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Restaurants Are Sucked Back in to the Lockdown Rumour Mill

Despite lockdown legislation dated to 31 March, contradictory timelines on reopening are coming from all directions

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The frontage of Stoke Newington Cafe Esters, with a grey shutter rolled down halfway Michael Prötin/Eater London

A mixture of comments from Boris Johnson and new scientific modelling on when coronavirus lockdown will end in England has sent the rumour mill into overdrive on when restaurants will be able to reopen. Here’s a rundown, based on what is known right now.

When is coronavirus lockdown going to end in England?

It depends on the status of the pandemic, according to the numbers and trajectory of coronavirus cases, hospitalisations, and deaths, and how that translates into pressure on the NHS. The legislation that enforces the current lockdown, which is the firmest date the government can look to at this time, is signed into law until 31 March 2021.

What did Boris Johnson say about when coronavirus lockdown will end in England?

On a visit to Didsbury in Greater Manchester, reporters asked the prime minister about the easing of lockdown restrictions. He said: “I think it’s too early to say when we’ll be able to lift some of the restrictions.” He did not say anything about May, or even summer, as headlines from those comments suggest. The prime minister’s spokesperson was asked to rule out lockdown lasting until summer — therefore being asked to predict a situation in either four or five months’ time, depending on whether you prefer your summer metereological or astronomical — and said, “We will continue to keep all of the scientific evidence and data under review.” It is something of a leap to extrapolate that this means coronavirus lockdown will not end in England until summer 2021.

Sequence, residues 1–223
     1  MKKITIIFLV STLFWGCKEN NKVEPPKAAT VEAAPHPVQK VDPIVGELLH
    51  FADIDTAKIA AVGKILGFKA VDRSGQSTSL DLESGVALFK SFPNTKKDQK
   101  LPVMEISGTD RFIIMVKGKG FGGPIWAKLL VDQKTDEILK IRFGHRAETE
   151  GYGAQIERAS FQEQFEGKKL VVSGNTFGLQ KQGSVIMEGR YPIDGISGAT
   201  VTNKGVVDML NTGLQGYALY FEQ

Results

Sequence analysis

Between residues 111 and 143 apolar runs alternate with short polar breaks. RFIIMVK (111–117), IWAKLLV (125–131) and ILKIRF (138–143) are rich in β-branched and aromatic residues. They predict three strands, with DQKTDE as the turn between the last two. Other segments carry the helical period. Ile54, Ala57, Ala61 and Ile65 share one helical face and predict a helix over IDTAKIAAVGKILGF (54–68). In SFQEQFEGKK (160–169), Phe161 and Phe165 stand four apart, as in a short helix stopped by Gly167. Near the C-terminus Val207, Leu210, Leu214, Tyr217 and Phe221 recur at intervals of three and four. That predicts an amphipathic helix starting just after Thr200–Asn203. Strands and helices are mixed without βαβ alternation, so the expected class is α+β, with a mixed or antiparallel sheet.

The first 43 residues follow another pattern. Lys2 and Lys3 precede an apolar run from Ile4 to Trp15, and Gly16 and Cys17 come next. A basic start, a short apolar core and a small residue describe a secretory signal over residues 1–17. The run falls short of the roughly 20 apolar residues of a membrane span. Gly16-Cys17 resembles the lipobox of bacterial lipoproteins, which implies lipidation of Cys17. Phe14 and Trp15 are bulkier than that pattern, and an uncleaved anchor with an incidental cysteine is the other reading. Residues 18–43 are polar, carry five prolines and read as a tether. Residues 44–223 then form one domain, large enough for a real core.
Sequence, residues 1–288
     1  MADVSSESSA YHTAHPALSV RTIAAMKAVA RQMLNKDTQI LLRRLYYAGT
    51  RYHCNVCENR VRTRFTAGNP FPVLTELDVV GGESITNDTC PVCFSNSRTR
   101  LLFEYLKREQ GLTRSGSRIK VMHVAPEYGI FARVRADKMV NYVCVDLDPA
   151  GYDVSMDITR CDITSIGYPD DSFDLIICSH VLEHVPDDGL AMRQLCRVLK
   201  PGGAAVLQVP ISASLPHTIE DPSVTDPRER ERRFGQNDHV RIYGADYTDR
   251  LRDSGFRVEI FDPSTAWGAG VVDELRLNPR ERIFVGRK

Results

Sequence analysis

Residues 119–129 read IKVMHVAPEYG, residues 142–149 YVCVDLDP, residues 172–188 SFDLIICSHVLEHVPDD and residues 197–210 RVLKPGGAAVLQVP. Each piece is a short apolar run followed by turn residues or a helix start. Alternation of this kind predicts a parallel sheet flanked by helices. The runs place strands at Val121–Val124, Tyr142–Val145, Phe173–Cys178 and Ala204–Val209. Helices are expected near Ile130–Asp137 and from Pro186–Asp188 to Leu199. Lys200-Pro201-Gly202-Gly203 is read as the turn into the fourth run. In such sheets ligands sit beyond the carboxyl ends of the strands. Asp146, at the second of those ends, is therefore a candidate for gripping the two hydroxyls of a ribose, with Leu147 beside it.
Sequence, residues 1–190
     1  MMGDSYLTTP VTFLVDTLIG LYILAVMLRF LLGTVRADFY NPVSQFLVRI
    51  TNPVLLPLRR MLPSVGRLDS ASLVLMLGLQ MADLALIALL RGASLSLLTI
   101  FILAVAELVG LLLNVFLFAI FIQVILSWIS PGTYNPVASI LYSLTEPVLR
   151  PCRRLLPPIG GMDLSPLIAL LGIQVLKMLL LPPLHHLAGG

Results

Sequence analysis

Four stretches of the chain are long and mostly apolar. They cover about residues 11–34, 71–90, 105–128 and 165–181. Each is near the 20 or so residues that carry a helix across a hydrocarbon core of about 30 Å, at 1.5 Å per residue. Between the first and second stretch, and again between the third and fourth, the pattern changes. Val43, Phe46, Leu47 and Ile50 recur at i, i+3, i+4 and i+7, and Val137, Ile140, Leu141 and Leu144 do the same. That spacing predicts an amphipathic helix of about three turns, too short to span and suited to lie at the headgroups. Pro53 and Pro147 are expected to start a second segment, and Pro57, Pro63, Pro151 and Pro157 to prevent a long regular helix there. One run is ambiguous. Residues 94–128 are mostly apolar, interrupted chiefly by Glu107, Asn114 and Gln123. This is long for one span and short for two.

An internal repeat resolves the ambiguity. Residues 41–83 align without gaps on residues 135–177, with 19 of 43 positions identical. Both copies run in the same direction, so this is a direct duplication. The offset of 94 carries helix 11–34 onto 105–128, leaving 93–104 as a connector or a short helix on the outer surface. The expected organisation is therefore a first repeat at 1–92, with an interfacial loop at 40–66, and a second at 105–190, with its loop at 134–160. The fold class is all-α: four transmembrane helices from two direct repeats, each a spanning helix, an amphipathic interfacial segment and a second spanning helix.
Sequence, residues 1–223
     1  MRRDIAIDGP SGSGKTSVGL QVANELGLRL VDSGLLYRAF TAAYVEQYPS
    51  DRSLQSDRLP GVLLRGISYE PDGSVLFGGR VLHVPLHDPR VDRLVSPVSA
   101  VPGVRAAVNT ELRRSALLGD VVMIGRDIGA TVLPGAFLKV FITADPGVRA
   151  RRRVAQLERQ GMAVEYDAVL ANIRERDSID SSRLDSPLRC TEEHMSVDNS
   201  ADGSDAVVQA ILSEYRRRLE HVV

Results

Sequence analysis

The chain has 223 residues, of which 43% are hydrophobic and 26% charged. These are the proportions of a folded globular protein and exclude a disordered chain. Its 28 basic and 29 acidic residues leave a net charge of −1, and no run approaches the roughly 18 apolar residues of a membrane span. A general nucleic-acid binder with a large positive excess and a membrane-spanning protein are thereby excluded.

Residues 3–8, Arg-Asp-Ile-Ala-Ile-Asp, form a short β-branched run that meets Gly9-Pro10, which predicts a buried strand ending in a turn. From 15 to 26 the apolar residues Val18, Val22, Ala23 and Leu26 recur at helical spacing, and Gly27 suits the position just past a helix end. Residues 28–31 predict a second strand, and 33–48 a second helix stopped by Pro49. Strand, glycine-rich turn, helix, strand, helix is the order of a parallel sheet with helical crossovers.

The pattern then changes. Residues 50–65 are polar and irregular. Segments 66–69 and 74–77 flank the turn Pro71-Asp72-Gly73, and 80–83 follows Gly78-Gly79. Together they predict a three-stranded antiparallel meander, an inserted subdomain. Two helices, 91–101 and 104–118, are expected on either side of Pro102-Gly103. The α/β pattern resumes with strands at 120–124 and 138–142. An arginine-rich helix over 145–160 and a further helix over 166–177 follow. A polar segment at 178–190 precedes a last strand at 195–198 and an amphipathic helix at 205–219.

What did epidemiological experts say about when coronavirus lockdown will end in England?

Not a lot. Comments from Professor Mark Woolhouse, Professor of Infectious Disease Epidemiology at University of Edinburgh, and Dr Marc Baguelin, lecturer in infectious disease modelling at Imperial College London on the lifting of restrictions have circulated because of their focus on keeping restaurants and pubs closed until May. But the end of lockdown is not the same as lifting restrictions, and neither Baguelin nor Woolhouse defined what “reopening” would mean. Variables include indoor or outdoor dining, the enforcement of social distancing, the enforcement of curfews, and restrictions that apply to specific venues, such as whether or not pubs have to serve the dreaded substantial meal.

What does this mean for restaurants, pubs, diners, and drinkers?

Very little and quite a lot. It’s both the prime minister and scientists’ job to respond to questions and journalists’ job to ask them; this doesn’t change the fact that expecting either to rule something out that is four or five months away is a recipe for uncertainty and equivocation. Something worth noting is that Woolhouse’s comments were based on the following: “A full release of the entire population from restrictions could potentially result in another wave.”